— I am not sure how to reconcile the baseline PainDETECT scores, which suggests that a neurologic component to the pain was most likely present in only 25% or so, with the reported 63% having pain on straight leg raising, 44% having a sensory deficit, 30% with a motor deficit and 35% with a neurologic deficit. This PainDETECT tool is a validated questionnaire which basically includes all of the regular subjective questions for radicular pain (as documented appropriately in the study above) and their intensity, and does not include the physical exam, which, as in the above study, found many patients with significant deficits and positive straight leg raising sign. But all of the patients sounded clinically like they had neuropathic pain and were likely to be treated as such (as above, all of them had: “radiating pain to one leg below the knee, accompanied by nerve root or spinal nerve involvement as indicated by at least one of dermatomal leg pain, muscular weakness, sensory deficits, or diminished reflex”). And, when the researchers did control for the PainDETECT score, they did not find that it modified the results.

— One limitation of the study was that most patients had relatively short-term symptoms of sciatica, and three quarters of patients spontaneously have resolution of symptoms within 3 months (see Ropper AH. N Engl J Med 2015; 372: 1240)

— So, my sense is that, based on this study, it seems that pregabalin had no benefit for patients who might present to us in primary care with clinical acute-to-chronic sciatica.  Which raises a very real and common clinical dilemma: what is the best way to treat such a patient???? Though this study undercuts a potential role for the medication pregabalin, are there other meds targeted for neuropathy which might work, such as tricyclics or duloxetine/venlafaxine?? Unfortunately, the data are quite meager regarding the use of nonpharmacologic interventions in those with radicular pain (see the Ropper article referenced above), including physical therapy, spinal manipulation, exercises, yoga/back strengthening exercises, etc, though there are better data supporting some of these for regular old low back pain. Since patients with sciatica do better with activity than rest, it does seem reasonable to provide analgesia to allow the patient to do more activity (though unproven). And, though not mentioned in this Ropper review, are some of the more recently described nonpharmacologic interventions used in non-neuropathic pain: see  blog here which also includes links to several other blogs supporting the utility of tai chi, mindfulness stress reduction, cognitive behavioral therapy. Bottom line: we just do not have great meds for chronic pain, these nonmedical interventions do seem to help for chronic pain, and they may be worth trying (and studying) for neuropathic pain.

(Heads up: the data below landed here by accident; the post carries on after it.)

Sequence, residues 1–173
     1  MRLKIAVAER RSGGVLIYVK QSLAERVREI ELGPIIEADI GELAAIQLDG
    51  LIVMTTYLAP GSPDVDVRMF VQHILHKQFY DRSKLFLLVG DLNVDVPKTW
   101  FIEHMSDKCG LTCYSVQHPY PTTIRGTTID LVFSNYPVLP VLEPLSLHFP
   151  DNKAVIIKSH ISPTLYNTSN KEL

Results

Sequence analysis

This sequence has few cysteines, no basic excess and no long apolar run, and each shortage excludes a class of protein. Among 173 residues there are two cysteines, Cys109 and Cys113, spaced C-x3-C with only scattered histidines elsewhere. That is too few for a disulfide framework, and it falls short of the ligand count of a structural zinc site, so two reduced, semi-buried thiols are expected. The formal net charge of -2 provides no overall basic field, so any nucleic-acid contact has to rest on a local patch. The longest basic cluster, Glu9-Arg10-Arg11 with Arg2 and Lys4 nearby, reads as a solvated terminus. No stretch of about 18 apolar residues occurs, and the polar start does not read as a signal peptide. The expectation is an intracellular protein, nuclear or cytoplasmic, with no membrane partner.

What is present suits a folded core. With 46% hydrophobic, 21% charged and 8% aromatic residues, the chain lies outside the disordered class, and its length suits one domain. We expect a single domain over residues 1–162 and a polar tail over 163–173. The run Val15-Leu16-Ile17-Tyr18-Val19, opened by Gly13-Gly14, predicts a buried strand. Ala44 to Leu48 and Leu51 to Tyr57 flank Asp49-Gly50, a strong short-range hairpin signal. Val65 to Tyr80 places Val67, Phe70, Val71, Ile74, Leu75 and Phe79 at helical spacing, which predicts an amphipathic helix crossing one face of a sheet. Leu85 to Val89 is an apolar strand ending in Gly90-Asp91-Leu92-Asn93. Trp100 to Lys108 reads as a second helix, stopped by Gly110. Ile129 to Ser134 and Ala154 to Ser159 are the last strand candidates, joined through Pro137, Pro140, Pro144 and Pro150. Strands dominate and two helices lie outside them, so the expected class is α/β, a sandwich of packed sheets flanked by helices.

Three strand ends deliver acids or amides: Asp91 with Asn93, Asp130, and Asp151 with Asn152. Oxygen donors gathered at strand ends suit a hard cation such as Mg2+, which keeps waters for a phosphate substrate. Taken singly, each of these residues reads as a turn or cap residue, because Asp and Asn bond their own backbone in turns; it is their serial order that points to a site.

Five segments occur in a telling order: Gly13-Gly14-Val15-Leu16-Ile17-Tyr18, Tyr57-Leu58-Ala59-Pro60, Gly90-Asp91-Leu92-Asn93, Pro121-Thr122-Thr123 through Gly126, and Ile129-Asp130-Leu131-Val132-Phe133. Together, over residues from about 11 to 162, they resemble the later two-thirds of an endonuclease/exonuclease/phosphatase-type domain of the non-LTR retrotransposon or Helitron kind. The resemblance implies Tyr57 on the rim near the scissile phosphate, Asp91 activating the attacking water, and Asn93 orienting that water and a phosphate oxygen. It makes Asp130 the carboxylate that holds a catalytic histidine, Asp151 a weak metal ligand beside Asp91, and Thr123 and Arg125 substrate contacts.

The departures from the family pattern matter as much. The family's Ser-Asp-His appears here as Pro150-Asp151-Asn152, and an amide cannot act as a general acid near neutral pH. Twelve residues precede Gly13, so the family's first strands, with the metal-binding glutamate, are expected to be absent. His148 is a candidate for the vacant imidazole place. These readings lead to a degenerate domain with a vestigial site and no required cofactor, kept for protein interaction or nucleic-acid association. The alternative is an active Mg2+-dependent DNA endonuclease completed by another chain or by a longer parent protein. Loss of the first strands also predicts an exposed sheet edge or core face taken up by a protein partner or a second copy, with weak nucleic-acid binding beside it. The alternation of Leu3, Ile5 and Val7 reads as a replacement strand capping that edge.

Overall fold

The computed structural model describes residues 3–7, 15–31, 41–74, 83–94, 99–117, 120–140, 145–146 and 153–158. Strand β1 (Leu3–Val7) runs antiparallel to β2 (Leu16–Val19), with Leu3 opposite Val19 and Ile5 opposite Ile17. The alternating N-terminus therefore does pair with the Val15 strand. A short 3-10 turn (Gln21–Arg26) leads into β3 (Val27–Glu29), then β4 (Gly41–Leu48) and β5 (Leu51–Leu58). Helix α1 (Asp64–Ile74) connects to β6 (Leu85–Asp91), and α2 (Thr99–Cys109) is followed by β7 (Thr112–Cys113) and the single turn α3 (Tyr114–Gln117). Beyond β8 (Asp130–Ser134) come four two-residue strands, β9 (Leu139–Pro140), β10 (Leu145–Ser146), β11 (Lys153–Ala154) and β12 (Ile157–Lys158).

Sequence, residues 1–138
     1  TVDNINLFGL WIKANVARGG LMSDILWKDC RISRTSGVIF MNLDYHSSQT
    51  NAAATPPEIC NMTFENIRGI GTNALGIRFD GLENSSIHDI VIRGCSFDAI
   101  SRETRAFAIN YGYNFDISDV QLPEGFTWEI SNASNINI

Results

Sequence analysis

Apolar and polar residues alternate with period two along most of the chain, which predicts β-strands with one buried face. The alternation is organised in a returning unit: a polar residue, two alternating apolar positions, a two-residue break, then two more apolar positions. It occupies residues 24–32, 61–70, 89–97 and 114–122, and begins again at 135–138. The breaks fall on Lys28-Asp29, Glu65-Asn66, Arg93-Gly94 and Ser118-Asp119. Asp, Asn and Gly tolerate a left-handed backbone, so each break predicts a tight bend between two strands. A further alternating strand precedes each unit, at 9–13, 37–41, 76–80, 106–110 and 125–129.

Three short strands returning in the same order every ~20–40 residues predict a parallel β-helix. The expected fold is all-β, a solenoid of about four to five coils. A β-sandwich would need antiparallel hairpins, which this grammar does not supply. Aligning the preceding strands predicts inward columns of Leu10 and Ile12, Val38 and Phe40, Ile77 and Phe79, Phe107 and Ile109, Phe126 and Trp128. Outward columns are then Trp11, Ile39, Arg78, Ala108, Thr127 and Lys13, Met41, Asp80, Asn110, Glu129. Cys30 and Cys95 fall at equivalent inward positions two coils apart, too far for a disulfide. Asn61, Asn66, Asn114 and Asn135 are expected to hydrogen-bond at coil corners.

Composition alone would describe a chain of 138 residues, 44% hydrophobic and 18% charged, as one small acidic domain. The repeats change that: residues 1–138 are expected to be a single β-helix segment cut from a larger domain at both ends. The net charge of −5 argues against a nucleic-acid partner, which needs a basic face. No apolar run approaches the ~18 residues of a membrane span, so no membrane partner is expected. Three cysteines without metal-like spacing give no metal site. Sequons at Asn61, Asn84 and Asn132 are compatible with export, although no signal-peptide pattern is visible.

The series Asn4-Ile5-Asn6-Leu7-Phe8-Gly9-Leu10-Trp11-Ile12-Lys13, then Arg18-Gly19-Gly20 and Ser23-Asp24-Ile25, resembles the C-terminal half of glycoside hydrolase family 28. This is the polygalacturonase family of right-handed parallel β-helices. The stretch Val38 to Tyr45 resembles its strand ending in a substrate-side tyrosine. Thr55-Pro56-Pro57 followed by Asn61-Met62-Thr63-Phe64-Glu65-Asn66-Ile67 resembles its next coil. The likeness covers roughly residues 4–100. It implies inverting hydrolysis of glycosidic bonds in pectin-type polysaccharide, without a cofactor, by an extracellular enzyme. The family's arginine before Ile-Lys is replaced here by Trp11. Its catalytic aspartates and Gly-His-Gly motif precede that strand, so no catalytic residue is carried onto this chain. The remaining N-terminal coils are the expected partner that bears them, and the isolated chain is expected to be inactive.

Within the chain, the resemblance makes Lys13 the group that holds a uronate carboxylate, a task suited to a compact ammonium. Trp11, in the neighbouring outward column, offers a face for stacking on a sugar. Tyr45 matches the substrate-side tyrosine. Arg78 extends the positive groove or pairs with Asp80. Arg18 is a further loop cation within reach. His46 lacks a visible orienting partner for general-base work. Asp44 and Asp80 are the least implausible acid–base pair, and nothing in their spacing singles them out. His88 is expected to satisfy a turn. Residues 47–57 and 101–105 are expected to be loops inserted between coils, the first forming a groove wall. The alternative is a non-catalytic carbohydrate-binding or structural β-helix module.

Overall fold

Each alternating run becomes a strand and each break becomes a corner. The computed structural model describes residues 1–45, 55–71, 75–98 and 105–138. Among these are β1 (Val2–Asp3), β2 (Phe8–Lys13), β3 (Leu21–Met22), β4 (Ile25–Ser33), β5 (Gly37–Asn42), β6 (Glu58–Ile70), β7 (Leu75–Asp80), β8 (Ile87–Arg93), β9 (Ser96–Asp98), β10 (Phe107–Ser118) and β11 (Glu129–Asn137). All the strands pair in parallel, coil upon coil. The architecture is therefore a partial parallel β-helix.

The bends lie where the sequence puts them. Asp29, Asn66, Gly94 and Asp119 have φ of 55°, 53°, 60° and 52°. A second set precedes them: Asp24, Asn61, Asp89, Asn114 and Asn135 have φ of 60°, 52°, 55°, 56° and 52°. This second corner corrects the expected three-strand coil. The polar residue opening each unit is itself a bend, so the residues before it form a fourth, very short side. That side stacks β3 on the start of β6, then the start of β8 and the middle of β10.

— And, this dearth of information for treatment of sciatica from well-conducted studies does point to a fundamental problem in our medical research approach: we (ie drug companies, with some governmental/public support) spend huge amounts of resources to develop (really expensive) meds for rare diseases, yet some common and really disabling conditions (eg sciatica) are not investigated rigorously, especially for nonpharmacologic interventions, but also for existing meds (there is not much incentive to test an already-approved drug like pregabalin, since it is probably already being prescribed widely, so the downside of a negative study for the drug company is much greater than the upside of a positive study).



Primary Care Corner with Geoffrey Modest MD: Internet-based improvement in knee pain

6 Mar, 17 | by EBM

By Dr. Geoffrey Modest

There have been several articles recently dealing with nonpharmacologic management of chronic pain (see blogs at end). A recent Australian one looked at the effectiveness of an Internet-delivered training intervention, finding remarkable and apparently durable benefit in patients with chronic knee pain (see doi:10.7326/M16-1714).


  • 148 people over 50 years old with chronic knee pain: mean age 61, 56% female, 57% urban/43% rural, mean BMI 31, symptom duration 2-10 years in 50%/> 10 years in 27%, 57% employed/30% retired, 38% on acetaminophen combinations/23% NSAIDs/21% on topical anti-inflammatories/only one person on opiates, 50% anticipated moderate improvement by the intervention/17% anticipated large improvement, 60% used the Internet for social media daily
  • Those randomized to the intervention received 3 Internet delivered treatments
    • Educational material about exercise and physical activity, pain management, emotions, healthy eating, complementary therapies, and medications. Those in the control group also received this material
    • An interactive automated physiotherapist-prescribed home exercise in pain-coping skills training (PCST) called PainCOACH, and were asked to complete eight 35- to 45-minute modules, one per week, and practice pain-coping skills daily
    • Seven Skype sessions with a physiotherapist over 12 weeks, sessions lasted 30- 45 minutes(videoconferencing). The physiotherapist performed a brief assessment and prescribed a lower limb strengthening home exercise program to be performed 3 times a week. Exercise progression was monitored. Patients were provided with instructions, video demonstrations, and equipment such as resistive bands and ankle weights.